What do you do when someone clips your brand new MINI at a double left hand turn almost spinning you into a telephone pole? Make sure they have insurance for one.

Last Saturday night, driving south on Sheridan Rd. on the north side of Chicago, I was unceremoniously hit and nearly spun out in one of the busiest intersections around the city.

Here’s what happened. I was driving southbound, approaching a traffic light where both left-hand lanes turn left. I was in the right of the two lanes. As we were turning, the driver of the A4 (obviously not familiar with the intersection) decided at the last moment to go straight. His right front met my left rear and, while we were both traveling at roughly the same speed, bumped me hard enough to nearly spin my MINI. Luckily I was able to immediately dial-in some opposite lock and drift through the intersection without losing control. A good thing, considering I was headed toward a sturdy-looking traffic light support.

I immediately assumed the worst: massive bodywork damage, rear bumper hanging off the car, and that nice 18″ wheel in shambles. However, like many accidents, the hit that felt so violent at the time actually turned out to be much less dramatic. To my surprise, I found only a badly marred wheel, some bent plastic trim and what looked to be a slightly deformed inner plastic fender. Amazingly, there seemed to be very little real damage. In fact, it appeared that the only metal damage on the car was a small bend in the metal lip that lies under the plastic wheel arch. My initial thought was, how did this happen? From the best I can tell, the impact’s energy was dissipated by both my car immediately beginning to spin after the impact and that black plastic wheel arch trim. In fact the A4’s hood even hit the exact point of the plastic trim where it attaches to the car. This point is actually a round indentation, which I can only imagine is the strongest portion of the rear corner panel. This, and the plastic seemed to absorb the impact without transferring much of the damage to the metal itself.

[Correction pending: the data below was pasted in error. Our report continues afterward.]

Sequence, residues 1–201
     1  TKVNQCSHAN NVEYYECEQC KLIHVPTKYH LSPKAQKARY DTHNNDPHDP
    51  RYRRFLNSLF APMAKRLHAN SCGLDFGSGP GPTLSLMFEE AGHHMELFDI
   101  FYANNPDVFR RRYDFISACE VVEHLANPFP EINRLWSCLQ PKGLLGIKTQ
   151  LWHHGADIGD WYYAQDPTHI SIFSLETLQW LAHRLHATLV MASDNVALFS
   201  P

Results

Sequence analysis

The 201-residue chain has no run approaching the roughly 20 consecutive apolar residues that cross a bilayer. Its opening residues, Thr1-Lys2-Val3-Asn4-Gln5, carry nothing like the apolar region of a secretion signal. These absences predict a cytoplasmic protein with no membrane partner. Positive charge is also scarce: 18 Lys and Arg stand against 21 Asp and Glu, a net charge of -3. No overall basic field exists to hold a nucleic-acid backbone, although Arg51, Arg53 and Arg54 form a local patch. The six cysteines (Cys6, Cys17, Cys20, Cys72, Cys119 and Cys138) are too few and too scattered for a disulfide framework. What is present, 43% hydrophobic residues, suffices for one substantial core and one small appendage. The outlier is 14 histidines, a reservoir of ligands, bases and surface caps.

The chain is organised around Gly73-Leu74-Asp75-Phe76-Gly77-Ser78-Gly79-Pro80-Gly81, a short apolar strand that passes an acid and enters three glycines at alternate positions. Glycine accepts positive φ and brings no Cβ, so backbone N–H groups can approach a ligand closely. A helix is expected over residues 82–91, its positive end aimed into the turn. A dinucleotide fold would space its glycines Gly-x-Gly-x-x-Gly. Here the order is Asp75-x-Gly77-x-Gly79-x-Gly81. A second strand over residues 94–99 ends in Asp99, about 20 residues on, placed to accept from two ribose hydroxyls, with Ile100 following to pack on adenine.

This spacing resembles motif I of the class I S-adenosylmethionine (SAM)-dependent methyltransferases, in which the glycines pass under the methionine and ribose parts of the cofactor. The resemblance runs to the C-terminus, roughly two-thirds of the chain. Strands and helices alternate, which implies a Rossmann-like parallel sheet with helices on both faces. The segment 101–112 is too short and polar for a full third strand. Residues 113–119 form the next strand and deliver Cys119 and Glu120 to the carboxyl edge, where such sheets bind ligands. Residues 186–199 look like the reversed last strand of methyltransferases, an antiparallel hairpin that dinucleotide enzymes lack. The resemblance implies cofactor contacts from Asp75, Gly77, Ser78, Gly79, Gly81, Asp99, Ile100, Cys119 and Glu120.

So the police reports have been filed, blame has been accepted (thank goodness) and I’ll be calling my dealer bright and early tomorrow morning. While it may be unlikely, I’m still holding out a little bit of hope that I might still be able to drive it down to Indianapolis for next weekend’s US Grand Prix in my new MCS.